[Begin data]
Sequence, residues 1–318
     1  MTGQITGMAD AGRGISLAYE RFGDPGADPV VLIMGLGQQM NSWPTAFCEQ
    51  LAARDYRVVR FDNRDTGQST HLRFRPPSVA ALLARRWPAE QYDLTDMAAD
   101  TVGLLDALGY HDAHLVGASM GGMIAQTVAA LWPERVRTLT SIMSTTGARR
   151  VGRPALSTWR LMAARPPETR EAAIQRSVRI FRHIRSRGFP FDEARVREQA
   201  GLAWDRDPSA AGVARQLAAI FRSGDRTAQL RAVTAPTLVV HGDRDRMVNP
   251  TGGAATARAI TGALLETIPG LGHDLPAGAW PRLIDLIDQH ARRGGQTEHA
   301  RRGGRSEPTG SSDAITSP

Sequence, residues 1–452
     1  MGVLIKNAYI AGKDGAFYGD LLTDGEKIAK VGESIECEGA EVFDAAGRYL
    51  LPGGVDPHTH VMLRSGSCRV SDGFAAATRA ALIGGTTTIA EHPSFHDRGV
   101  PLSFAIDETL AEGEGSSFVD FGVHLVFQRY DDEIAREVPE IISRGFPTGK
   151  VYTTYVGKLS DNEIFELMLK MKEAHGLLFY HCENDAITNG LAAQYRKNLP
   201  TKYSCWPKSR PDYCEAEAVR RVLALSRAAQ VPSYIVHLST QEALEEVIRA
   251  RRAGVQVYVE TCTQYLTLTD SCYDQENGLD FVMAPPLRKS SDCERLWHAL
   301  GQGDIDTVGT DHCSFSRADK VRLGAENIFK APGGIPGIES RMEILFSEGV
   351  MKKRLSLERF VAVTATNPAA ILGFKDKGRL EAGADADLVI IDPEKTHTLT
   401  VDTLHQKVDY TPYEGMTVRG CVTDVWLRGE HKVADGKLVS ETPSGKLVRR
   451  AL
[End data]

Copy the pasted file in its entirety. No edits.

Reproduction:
Sequence, residues 1–318
     1  MTGQITGMAD AGRGISLAYE RFGDPGADPV VLIMGLGQQM NSWPTAFCEQ
    51  LAARDYRVVR FDNRDTGQST HLRFRPPSVA ALLARRWPAE QYDLTDMAAD
   101  TVGLLDALGY HDAHLVGASM GGMIAQTVAA LWPERVRTLT SIMSTTGARR
   151  VGRPALSTWR LMAARPPETR EAAIQRSVRI FRHIRSRGFP FDEARVREQA
   201  GLAWDRDPSA AGVARQLAAI FRSGDRTAQL RAVTAPTLVV HGDRDRMVNP
   251  TGGAATARAI TGALLETIPG LGHDLPAGAW PRLIDLIDQH ARRGGQTEHA
   301  RRGGRSEPTG SSDAITSP

Sequence, residues 1–452
     1  MGVLIKNAYI AGKDGAFYGD LLTDGEKIAK VGESIECEGA EVFDAAGRYL
    51  LPGGVDPHTH VMLRSGSCRV SDGFAAATRA ALIGGTTTIA EHPSFHDRGV
   101  PLSFAIDETL AEGEGSSFVD FGVHLVFQRY DDEIAREVPE IISRGFPTGK
   151  VYTTYVGKLS DNEIFELMLK MKEAHGLLFY HCENDAITNG LAAQYRKNLP
   201  TKYSCWPKSR PDYCEAEAVR RVLALSRAAQ VPSYIVHLST QEALEEVIRA
   251  RRAGVQVYVE TCTQYLTLTD SCYDQENGLD FVMAPPLRKS SDCERLWHAL
   301  GQGDIDTVGT DHCSFSRADK VRLGAENIFK APGGIPGIES RMEILFSEGV
   351  MKKRLSLERF VAVTATNPAA ILGFKDKGRL EAGADADLVI IDPEKTHTLT
   401  VDTLHQKVDY TPYEGMTVRG CVTDVWLRGE HKVADGKLVS ETPSGKLVRR
   451  AL